A boy has died. Love is thwarted. Another boy dies. A man sails deliberately to his own death. But what moved me most on the first night of this revival of David Alden’s fine 2009 production for English National Opera? Not loss, but recovery: when the whole orchestra joined soloists and , magnificent chorus on stage for the curtain calls, the sight was overwhelming and I doubt I was the only person in the audience for whom tears welled.
Bashed and bullied by government and funding body Arts Council England, ENO has emerged stronger than ever. It is not only the music that is sung and played masterfully, but there is a tangible sense of a company working as a single, irrepressible unit, powering forward, leaving no one behind.
Alex Otterburn (left) as spivvy Ned Keene. Photo: Tom Bowles
Peter Grimes is the first of seven operas in this greatest-hits season, which also features a Marina Abramovič project and two concert performances. With Gwyn Hughes Jones in the title role, as the misfit fisherman who shocks his rigid townsfolk, it is a stupendous start to the ENO year.
Grimes has lost a boy apprentice at sea, and against advice takes on another orphaned lad. School teacher Ellen Orford best understands Grimes and loves him, as he loves her – that is, awkwardly and unfulfilled. She will keep an eye on the boy. But Grimes’s eye for a shoal unspotted by others prompts putting to sea in dangerous weather.
Swelling as implacably as the North Sea is the grim, grey wall of suspicion and distain of the Borough’s two-faced people. On the surface morally upright, they harbour dark desires that are, perhaps implausibly, visible in Alden’s reading, as townsfolk at the local dance reveal unsavoury or unsuspected sexual predilections.
David Soar as Carter Hobson, and mob. Photo: Tom Bowles
Until this moment, postwar austerity (the opera was first performed in 1945) underpins Brigitte Reiffenstuel’s costume designs and Paul Steinberg’s set, where corrugated iron and salt-washed surfaces glow brighter than the people they enclose.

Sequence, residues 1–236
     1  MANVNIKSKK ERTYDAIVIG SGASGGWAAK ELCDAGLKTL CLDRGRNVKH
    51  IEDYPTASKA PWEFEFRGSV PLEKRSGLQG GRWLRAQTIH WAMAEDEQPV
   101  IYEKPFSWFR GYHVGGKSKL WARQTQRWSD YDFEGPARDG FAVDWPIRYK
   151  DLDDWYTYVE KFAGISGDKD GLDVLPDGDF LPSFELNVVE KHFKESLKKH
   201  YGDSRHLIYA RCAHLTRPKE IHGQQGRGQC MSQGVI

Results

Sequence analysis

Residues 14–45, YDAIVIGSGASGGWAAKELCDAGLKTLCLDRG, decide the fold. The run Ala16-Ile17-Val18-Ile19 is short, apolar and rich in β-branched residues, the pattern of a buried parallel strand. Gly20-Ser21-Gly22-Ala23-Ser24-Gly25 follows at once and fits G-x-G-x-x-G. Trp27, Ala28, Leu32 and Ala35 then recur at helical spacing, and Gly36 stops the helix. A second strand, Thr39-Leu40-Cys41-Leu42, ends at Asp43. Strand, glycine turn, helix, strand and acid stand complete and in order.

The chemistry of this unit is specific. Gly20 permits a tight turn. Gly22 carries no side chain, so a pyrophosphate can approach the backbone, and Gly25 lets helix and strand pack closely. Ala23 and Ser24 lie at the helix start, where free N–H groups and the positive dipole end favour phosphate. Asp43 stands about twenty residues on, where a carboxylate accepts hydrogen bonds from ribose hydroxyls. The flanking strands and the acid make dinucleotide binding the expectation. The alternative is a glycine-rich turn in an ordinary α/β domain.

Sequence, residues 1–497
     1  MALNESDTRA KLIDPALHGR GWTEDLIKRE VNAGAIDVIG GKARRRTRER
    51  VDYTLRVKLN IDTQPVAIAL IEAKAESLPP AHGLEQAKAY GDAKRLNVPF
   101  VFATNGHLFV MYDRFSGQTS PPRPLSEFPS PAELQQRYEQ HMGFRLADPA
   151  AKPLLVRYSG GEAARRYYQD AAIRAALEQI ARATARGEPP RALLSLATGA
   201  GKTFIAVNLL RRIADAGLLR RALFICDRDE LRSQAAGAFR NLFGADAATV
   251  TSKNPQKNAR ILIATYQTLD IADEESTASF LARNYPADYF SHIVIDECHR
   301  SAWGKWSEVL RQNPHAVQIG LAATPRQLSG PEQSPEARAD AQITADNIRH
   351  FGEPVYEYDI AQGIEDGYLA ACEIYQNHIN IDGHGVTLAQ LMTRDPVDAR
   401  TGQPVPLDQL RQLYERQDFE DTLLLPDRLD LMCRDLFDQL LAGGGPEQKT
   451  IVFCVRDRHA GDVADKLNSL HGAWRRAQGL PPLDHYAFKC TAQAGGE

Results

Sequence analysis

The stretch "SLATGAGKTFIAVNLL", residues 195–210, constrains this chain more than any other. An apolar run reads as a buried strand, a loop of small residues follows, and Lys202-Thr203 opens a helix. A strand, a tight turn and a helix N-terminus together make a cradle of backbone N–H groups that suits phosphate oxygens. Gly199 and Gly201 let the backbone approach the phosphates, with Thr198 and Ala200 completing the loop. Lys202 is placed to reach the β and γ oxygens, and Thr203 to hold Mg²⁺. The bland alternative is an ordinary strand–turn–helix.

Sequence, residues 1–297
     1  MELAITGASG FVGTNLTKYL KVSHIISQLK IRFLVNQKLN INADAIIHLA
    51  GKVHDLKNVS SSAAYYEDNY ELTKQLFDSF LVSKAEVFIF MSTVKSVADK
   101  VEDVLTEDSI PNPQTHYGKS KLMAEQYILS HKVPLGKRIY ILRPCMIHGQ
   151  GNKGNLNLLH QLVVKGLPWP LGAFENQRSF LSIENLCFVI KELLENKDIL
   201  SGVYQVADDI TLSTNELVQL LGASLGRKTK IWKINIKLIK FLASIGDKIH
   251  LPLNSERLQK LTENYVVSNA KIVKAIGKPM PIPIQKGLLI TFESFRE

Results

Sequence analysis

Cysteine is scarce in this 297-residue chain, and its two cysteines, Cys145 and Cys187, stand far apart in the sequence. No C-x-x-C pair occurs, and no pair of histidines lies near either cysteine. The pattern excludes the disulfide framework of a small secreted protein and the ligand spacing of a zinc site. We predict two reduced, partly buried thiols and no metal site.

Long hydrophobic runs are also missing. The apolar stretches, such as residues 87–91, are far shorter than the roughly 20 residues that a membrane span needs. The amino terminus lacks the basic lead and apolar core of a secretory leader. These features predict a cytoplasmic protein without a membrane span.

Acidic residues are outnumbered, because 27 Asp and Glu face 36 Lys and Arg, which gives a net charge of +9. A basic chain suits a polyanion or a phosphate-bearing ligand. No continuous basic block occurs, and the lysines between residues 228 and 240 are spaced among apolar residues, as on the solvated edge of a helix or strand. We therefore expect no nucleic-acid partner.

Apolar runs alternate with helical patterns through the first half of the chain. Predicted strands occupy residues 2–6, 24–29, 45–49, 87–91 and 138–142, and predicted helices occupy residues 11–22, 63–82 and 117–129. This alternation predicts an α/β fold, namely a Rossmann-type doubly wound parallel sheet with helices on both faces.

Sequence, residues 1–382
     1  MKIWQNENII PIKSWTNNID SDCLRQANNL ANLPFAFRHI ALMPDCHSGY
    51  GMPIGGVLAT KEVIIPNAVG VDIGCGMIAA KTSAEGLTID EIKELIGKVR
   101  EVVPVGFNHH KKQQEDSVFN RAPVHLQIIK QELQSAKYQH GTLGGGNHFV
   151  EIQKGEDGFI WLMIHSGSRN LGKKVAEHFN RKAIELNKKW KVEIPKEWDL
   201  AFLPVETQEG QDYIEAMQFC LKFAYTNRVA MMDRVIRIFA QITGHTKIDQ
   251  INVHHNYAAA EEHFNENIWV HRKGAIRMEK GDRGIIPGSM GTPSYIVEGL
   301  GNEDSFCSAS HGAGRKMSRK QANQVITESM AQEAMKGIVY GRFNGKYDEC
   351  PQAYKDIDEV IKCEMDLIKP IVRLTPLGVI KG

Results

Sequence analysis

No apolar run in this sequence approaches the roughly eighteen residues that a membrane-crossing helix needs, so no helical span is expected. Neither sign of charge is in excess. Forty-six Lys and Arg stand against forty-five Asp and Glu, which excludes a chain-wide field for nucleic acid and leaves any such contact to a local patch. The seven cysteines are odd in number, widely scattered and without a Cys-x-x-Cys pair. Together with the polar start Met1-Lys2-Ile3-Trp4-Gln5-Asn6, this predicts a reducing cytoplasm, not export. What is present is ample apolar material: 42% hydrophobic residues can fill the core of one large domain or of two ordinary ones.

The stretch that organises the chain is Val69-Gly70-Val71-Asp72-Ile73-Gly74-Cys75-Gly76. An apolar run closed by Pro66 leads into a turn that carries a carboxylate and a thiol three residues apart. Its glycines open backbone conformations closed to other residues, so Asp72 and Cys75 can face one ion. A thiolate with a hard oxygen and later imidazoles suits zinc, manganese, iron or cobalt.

Tenor Gywn Hughes Jones’s Grimes is a clumsy, lumbering giant, his frame and his intellect dwarfing those around him. While others bustle and fuss about nothing, he sings poetically of the natural world’s wonders. Soprano Elizabeth Llewellyn, to huge acclaim on opening night, is a warm Ellen Orford, and a frontline of ENO stalwarts includes bass Clive Bayley as the lawyer, whose inquest into the first boy’s death opens the opera.
As seedy Bob Boles, John Findon is ENO’s rising star, a tenor with heft, and there is characterful work from mezzo-soprano Anne-Marie Owens as Mrs Sedley and baritone Alex Otterburn as the slick spiv who feeds her drug habit. Bass-baritone Simon Bailey is particularly fine as the sea captain who has some sympathy for Grimes. David Soar as Carter Hobson leads the mob, beating out a hate-fuelled rhythm on a resounding drum.
Gwyn Hughes Jones as Peter Grimes and Elizabeth Llewellyn as Ellen Orford. Photo: Tom Bowles
But even with this line-up the outstanding performances of the evening come from the augmented chorus and orchestra of English National Opera. The Union Flag-waving, 60-plus throng of Borough-dwellers raises a wall of sound to crush the spirit, writhing like the head of Medusa and underlining its contempt for those unlike themselves with gesture. Ten actors join this heartless crowd to great effect, and Maxine Braham’s unsettling and expressive movement are completely in sync with Britten’s turbulent music.
Under ENO’s music director Martyn Brabbins, this tidal wave of vocal music ebbs and flows over the orchestral depths. The six sea interludes, of which four are much-loved concert items, here punctuate the scenes, vividly portraying the ever-changing coastline, now tranquil, now overwhelming.
At the heart of Peter Grimes are exclusion and negativity. In re-creating this production, this company has been as inclusive and positive as can be. Bravi!
Peter Grimes is sung in English with English surtitles. Performances are on 21, 23, 28 and 30 Sept; 4, 6, 9, and 11 Oct. Click here for booking, and for information about free tickets for young people
|What||Peter Grimes, English National Opera review|
|Where||English National Opera, London Coliseum, St Martin's Lane, London, WC2N 4ES | MAP|
|Nearest tube||Charing Cross (underground)|
21 Sep 23 – 11 Oct 23, Eight performances, start times vary. Running time 3hr 15min, with two intervals
|Website||Click here for details and booking|